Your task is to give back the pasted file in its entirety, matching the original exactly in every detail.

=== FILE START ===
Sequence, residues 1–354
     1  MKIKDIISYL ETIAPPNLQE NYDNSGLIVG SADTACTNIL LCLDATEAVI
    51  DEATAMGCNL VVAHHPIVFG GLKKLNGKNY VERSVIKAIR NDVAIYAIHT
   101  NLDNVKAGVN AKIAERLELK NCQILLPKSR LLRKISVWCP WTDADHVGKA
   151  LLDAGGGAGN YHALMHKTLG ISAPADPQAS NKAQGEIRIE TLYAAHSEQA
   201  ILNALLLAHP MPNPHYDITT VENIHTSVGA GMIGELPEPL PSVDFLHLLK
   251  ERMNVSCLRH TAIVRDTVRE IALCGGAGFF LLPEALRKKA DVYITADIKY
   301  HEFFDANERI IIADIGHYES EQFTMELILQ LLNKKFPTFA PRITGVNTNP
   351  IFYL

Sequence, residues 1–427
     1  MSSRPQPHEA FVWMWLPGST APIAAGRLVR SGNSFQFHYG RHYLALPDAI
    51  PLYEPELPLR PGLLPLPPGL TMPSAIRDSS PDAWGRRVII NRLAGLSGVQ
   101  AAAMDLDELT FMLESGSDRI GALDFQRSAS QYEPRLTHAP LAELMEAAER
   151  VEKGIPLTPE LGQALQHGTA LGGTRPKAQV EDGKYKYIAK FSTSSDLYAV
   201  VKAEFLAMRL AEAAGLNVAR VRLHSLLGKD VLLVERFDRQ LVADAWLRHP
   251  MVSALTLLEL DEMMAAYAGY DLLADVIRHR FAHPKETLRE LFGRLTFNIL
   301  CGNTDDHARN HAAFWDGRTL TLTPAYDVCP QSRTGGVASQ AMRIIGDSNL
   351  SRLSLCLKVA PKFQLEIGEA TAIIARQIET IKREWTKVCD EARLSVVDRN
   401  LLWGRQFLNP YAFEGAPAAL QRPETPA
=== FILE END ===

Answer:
Sequence, residues 1–354
     1  MKIKDIISYL ETIAPPNLQE NYDNSGLIVG SADTACTNIL LCLDATEAVI
    51  DEATAMGCNL VVAHHPIVFG GLKKLNGKNY VERSVIKAIR NDVAIYAIHT
   101  NLDNVKAGVN AKIAERLELK NCQILLPKSR LLRKISVWCP WTDADHVGKA
   151  LLDAGGGAGN YHALMHKTLG ISAPADPQAS NKAQGEIRIE TLYAAHSEQA
   201  ILNALLLAHP MPNPHYDITT VENIHTSVGA GMIGELPEPL PSVDFLHLLK
   251  ERMNVSCLRH TAIVRDTVRE IALCGGAGFF LLPEALRKKA DVYITADIKY
   301  HEFFDANERI IIADIGHYES EQFTMELILQ LLNKKFPTFA PRITGVNTNP
   351  IFYL

Sequence, residues 1–427
     1  MSSRPQPHEA FVWMWLPGST APIAAGRLVR SGNSFQFHYG RHYLALPDAI
    51  PLYEPELPLR PGLLPLPPGL TMPSAIRDSS PDAWGRRVII NRLAGLSGVQ
   101  AAAMDLDELT FMLESGSDRI GALDFQRSAS QYEPRLTHAP LAELMEAAER
   151  VEKGIPLTPE LGQALQHGTA LGGTRPKAQV EDGKYKYIAK FSTSSDLYAV
   201  VKAEFLAMRL AEAAGLNVAR VRLHSLLGKD VLLVERFDRQ LVADAWLRHP
   251  MVSALTLLEL DEMMAAYAGY DLLADVIRHR FAHPKETLRE LFGRLTFNIL
   301  CGNTDDHARN HAAFWDGRTL TLTPAYDVCP QSRTGGVASQ AMRIIGDSNL
   351  SRLSLCLKVA PKFQLEIGEA TAIIARQIET IKREWTKVCD EARLSVVDRN
   401  LLWGRQFLNP YAFEGAPAAL QRPETPA